One can’t help but notice the differences between life in Oaxaca and life in Houston, Texas.
New for me is being taller than a lot of people. Since I’m only 5 foot 3, I’m used to looking up to talk to people. I seem to be a good 4 inches taller than most women here, and a lot of the men are not much taller. Also most women wear shoes with heels, so they are actually even shorter.
The Mexican coins are thick and very similar to each other. Even experienced store clerks have to examine them carefully to get the correct change. The bus drivers, however, are so talented that they can maneuver in traffic, shift gears, and make change at the same time.
But the coins seem to be preferred over paper bills.
If you drop some coins, they make a dull thud sound, unlike the jingle of US money. I lined the US money up with the coins that are equivalent value. The nickel and the 1 peso coin are the same size and thickness.
I’ve heard that family is very important to the Mexican culture. I’ve also seen that they like a parade and seem to have them quite often. One day we saw these two concepts come together in the form of a short parade in honor of “La Familia”. Here you can see how dense the people were as they came around the corner of the zócalo. They were quite loud too, as there was a band, and several groups chanting something.
One of the strange things was that the band was repeatedly playing the tune of “Deep in the Heart of Texas”.
I’m not sure what to make of this pre-school. They say they teach classes in English, among other things. The Pooh characters can be found in many stores, spelled correctly, so what are these guys trying to say?
The telephone is an important thing here. We’ve heard stories about the difficulty in getting phone service, and we’ve seen lines of people waiting for something at the phone company office.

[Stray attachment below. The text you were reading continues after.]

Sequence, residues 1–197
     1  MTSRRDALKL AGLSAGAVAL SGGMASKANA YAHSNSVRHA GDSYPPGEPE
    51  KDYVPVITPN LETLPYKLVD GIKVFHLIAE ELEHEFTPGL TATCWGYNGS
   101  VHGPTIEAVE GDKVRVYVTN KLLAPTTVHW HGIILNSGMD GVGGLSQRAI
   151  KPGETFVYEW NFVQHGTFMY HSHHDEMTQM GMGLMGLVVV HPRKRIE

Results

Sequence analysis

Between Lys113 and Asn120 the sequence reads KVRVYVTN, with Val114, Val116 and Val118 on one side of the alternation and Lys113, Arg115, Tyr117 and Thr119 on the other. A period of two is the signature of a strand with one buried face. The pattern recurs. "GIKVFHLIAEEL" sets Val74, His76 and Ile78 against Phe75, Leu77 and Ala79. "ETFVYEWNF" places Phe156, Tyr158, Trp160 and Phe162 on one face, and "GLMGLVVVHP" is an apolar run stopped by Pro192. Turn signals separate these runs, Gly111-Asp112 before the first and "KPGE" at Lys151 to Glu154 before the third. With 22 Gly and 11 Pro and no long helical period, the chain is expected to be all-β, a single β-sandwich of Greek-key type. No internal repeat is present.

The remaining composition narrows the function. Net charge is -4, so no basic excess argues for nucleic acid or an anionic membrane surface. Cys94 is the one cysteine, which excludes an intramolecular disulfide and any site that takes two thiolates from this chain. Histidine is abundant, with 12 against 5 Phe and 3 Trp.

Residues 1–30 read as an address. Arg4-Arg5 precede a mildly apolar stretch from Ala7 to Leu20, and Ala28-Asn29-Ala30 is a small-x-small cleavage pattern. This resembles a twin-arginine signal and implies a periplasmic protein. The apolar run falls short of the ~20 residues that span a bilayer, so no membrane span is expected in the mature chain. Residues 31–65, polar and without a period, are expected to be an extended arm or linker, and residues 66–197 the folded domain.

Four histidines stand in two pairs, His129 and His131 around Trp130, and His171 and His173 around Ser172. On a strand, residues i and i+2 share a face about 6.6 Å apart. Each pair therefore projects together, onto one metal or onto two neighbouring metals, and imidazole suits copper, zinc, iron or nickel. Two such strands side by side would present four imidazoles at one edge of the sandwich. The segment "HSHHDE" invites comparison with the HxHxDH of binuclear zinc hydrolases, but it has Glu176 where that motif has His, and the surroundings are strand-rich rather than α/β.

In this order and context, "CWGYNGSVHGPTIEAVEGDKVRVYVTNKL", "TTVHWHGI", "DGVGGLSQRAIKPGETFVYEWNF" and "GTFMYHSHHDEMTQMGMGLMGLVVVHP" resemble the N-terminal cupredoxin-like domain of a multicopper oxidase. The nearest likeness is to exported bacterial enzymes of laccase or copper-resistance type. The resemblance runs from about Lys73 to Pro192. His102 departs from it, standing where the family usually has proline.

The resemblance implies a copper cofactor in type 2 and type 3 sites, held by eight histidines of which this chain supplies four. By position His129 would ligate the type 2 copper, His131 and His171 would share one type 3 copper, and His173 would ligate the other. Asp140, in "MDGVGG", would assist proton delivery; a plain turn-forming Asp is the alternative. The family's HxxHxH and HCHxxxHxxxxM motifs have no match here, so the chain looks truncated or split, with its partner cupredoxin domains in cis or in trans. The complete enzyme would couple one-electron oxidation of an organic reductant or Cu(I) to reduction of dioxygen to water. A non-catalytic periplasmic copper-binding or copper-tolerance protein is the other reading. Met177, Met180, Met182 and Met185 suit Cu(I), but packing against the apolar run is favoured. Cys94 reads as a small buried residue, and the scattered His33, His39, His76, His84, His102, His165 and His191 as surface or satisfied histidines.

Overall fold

If everyone had a phone, I don’t think we’d see so many cell phones, public pay phones, and storefronts for making phone calls.
A lot of the people with cell phones are busily pushing buttons — sending text messages instead of calling. Phone calls are not cheap here, but that doesn’t stop people from making them.
One thing that looks odd to me is the sign announcing where the internet is. Of course they mean that they are running an internet cafe, but it doesn’t look like that from the sign.
When crossing a street, extra care is necessary so that you don’t get run over. Just standing too close to the street on the corner can be dangerous since turning cars and buses often clip the corner as they turn. I saw a bus trying to make a tight turn into a small street. It’s a good thing that the telephone pole was cut off level with the sidewalk, because the bus ran right over it.The parking along the street is tight, as is the space for a car to enter a private driveway. Drivers have to know exactly where their car’s edges are since there is often only 4 inches leeway on a side.The license plates on cars are often a bit crumpled, due to the nudging of other cars when parking. Almost all of the streets in the central part of Oaxaca are one-way streets, which is handy for pedestrians. A lot of streets end up with one lane of parked cars, several cars double-parked, and whatever room is left for cars to drive on.The traffic lights are small and located on a pole on one of the street corners. This makes it difficult for the pedestrians to see, and you can’t always count on the drivers abiding by the light anyway.